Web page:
Early childhood professionals have always looked at the whole picture when considering children's intelligence. Psychologist Howard Gardner's Multiple Intelligence Theory reinforces the fact that there are many different ways for children to be smart. Instead of asking, "How smart is this child?," a better question may be, "How is this child smart?"
During the early years, children learn how to get along with others and meet their own needs. These factors, along with many others, contribute to children's intelligence -- something far too complex to be measured by a standardized test, or even by how quickly children learn to speak or walk.
According to Multiple Intelligence Theory, each of us possesses seven "intelligences," or ways to be smart. Some of us are more adept at using our hands; others are good at making rhymes, or singing songs. Each type of intelligence gives us something to offer to the world. What makes us unique is the way each intelligence expresses itself in our lives.
By recognizing multiple intelligences, we can help children enhance their individual strengths. But don't be too quick to label a preschooler as a future accountant, artist, or athlete without giving her a chance to explore the world, work on her skills, and develop her own abilities.
Understanding multiple intelligences means more than focusing on individual characteristics. Imagine a grown person who could do nothing but write poetry, or solve algebra problems. To do everyday things like drive a car or follow a recipe, a person needs to be smart in more ways than one.
Each of us is smart in all seven ways. Here's how to recognize these multiple intelligences:
- Word smart -- Journalists, lawyers, and storytellers often demonstrate what Gardner refers to as linguistic intelligence. These people are best at using the written or spoken word to communicate.
- Logic smart -- People with a great deal of logical-mathematical intelligence are good at reasoning, and thinking in terms of cause and effect. Scientists, accountants, and computer programmers generally have this ability.
- Picture smart -- Otherwise known as spatial intelligence, this involves thinking in pictures or images. Such individuals may be able to follow directions best, or be able to visualize and draw accurately.
- Music smart -- Musical intelligence is the ability to keep time with music, sing in tune, and discern the difference between different musical selections. These people can best perceive and appreciate melodies.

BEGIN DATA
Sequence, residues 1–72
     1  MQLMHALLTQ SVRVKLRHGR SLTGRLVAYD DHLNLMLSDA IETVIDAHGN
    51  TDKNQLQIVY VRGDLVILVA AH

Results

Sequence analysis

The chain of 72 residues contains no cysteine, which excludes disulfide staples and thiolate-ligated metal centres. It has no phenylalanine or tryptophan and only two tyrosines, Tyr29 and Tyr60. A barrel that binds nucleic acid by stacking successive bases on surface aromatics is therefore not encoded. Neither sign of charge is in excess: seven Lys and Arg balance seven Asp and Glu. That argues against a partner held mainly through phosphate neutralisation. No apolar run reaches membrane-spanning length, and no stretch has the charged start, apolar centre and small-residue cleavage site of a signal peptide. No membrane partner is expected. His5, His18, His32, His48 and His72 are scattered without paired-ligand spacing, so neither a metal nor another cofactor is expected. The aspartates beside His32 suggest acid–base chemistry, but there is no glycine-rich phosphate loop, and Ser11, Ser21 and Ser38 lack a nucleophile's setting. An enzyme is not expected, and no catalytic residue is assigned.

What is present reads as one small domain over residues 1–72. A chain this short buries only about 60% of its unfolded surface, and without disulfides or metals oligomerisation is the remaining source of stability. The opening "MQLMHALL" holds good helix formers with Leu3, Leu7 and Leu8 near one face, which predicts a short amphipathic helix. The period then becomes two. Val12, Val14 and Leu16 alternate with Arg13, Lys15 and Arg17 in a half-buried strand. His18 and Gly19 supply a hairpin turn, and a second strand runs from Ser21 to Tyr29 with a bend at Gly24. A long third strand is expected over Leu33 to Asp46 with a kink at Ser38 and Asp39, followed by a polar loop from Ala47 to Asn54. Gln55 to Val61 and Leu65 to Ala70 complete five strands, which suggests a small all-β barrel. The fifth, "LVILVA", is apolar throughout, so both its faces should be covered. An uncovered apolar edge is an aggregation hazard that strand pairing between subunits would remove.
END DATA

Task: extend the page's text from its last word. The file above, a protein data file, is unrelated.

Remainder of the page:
- Body smart -- Individuals with bodily-kinesthetic intelligence are best able to control their own movements. This involves not only outdoor sports, but tasks like sewing and carpentry.
- Person smart -- Such persons have the ability to respond to, understand, and work with other people. This interpersonal intelligence is the gift of being able to see from others' perspectives.
- Self smart -- These people tend to be contemplative and can easily access their own feelings. Those with intrapersonal intelligence may be introspective and enjoy meditating.
By exploring all of their intelligences, children become well-rounded individuals who are successful in many aspects of life. Parents and early childhood professionals must recognize these different strengths in children as they emerge. Some children may respond more to words, others to music -- the point is for adults to let children express themselves. If children have the opportunity to learn in the areas they prefer, and to improve in those areas that are not as strong, they will grow to become intelligent in more ways than one!
Armstrong, T. 1993. Seven kinds of smart: Identifying and developing your many intelligences. New York, NY: Penguin Books. Gardner, H. 1991. The unschooled mind: How children think and how schools should teach. New York: Basic Books.
Reprinted with the permission of the National Association for the Education of Young Children. © 2008 NAEYC